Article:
Until 2015, it was the practice of the Occupational Safety and Health Administration (OSHA) to look back only three years to establish “repeat” violations under the Occupational Safety and Health Act (OSH Act). In 2015, OSHA increased that period to five years. The United States Court of Appeals for the 2nd Circuit reminded us this week that OSHA is actually not bound by any temporal limitation to establish repeat violations.
Under the OSH Act, civil violations of OSHA regulations are classified in various ways, including willful, repeat, serious, or other-than-serious. The higher the classification, the larger the penalty. While the current penalty cap for a serious violation is $12,934, the penalty cap for repeat violations is roughly ten times that amount, $129,336.
While the OSH Act and OSHA regulations do not specify the time-period that OSHA can consider when determining whether an alleged violation is a repeat offense, OSHA’s Field Operations Manual (FOM)—which is OSHA’s guiding document for enforcing OSHA regulations—provides that OSHA shall “generally” consider a violation to be “repeat” if the citation “is issued within five years of the final order of the previous citation or within five years of the final abatement date.” OSHA revised the FOM in 2015 to increase this look back period from three years.
Triumph Construction Corp. v. Secretary of Labor
On February 14, 2018, however, the 2nd Circuit reaffirmed that the period of time set forth in the FOM is not binding on OSHA. At issue in that case, Triumph Construction Corporation v. Secretary of Labor, was whether the three year or five year look back period applied to a February 13, 2015 repeat citation issued to Triumph Construction Corporation, as OSHA relied upon a prior citation occurring more than three years prior to establish the repeat violation.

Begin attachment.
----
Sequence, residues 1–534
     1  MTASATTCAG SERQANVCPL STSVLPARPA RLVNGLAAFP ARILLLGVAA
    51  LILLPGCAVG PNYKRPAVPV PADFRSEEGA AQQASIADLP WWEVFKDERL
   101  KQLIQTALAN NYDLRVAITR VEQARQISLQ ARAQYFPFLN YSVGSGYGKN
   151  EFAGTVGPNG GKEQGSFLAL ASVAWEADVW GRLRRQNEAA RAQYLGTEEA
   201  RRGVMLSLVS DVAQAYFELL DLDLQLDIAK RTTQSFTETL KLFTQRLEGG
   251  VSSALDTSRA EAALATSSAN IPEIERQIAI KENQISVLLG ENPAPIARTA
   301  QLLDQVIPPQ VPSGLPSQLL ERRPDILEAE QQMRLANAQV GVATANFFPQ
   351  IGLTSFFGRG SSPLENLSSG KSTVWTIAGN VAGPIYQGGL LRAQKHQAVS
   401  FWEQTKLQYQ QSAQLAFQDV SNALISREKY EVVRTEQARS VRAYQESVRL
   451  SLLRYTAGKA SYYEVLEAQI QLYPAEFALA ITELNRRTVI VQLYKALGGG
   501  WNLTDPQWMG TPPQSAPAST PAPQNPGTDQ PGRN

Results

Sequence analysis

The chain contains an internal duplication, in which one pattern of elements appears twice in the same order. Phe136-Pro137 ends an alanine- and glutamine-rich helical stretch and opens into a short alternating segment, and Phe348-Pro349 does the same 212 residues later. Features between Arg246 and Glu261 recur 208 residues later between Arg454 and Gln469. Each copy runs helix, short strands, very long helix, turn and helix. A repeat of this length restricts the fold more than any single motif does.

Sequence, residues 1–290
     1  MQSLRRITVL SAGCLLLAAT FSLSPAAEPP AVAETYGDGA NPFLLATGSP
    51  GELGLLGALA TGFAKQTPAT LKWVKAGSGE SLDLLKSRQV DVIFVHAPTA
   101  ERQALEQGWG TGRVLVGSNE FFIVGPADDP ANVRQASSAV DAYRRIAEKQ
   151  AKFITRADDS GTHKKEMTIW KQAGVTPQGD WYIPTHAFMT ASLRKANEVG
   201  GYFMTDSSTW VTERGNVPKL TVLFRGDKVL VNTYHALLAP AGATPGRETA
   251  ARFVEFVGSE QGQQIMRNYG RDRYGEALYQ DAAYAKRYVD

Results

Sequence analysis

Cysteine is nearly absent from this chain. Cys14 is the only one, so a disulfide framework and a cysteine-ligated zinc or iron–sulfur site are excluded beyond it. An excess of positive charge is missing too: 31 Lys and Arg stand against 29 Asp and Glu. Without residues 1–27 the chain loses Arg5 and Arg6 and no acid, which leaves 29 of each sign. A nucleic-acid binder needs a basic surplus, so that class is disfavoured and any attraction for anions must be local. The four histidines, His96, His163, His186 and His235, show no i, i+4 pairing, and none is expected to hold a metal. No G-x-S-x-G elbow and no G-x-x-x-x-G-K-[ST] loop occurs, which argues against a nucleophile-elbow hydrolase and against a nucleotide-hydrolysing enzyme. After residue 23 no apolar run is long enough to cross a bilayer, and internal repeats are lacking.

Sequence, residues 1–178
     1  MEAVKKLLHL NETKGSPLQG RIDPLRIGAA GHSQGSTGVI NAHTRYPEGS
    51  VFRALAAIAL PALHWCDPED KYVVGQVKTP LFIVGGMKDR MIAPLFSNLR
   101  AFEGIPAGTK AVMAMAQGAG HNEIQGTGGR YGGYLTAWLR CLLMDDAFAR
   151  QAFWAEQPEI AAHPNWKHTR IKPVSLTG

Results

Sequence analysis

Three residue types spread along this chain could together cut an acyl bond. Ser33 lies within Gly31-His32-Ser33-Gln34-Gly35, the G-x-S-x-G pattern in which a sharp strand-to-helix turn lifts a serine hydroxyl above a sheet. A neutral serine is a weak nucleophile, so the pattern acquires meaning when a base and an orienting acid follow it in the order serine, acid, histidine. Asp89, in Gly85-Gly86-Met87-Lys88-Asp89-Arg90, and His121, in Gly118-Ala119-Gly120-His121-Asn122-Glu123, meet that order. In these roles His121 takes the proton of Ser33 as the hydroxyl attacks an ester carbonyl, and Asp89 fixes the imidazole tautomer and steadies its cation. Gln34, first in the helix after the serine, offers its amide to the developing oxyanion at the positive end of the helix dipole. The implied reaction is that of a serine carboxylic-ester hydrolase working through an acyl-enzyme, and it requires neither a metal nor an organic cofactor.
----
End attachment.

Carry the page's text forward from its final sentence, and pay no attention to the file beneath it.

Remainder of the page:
While Triumph argued that OSHA’s decision to extend the look back period from three years was arbitrary, the 2nd Circuit found that it did not matter whether the FOM prescribed a three year or five year look back period. Noting that neither the OSH Act nor the regulations promulgated under the Act set forth any time period that limits the issuance of repeat citations, the court held, citing previous OSH Review Commission precedent, that the time limitation set forth in the FOM “is only a guide” and “is not binding on OSHA or the Commission.” In other words, OSHA is not restricted to looking back to only a certain period of time in classifying violations as repeat.
What takeaways should employers have from this decision?
First and foremost, employers should continue to effectuate their safety policies and to emphasize a safety-first culture in the workplace. This is the best practice to avoid most OSHA inspections and citation.
Second, employers should seriously consider whether to contest citations to which they have a good faith defense so that those citations do not later form the basis of a repeat citation. The cost-benefit analysis for contesting non-repeat citations has changed. If an employer previously believed that contesting a $12,500 serious citation was not worth the legal cost, the risk of being hit with a repeat violation $125,000 several years down the road may tilt the balance toward contesting those lesser citations. Pay special attention to any citation that involves a routine activity, task, or equipment where a repeat is more likely to arise in the future.
Third, employers should maintain robust records and data on prior OSHA inspections and citations to ensure that future citations concerning the same hazards do not occur. This will hopefully prevent the issuance of a repeat citation, no matter what the repeat time period OSHA may attempt to enforce.
Although the Triumph court didn’t create new law, its decision reminds us that OSHA has broad enforcement discretion with respect to its repeat violation period. Remain proactive in your efforts to develop a robust safety program in order to minimize OSHA citations and avoid the higher penalties associated with repeat citations.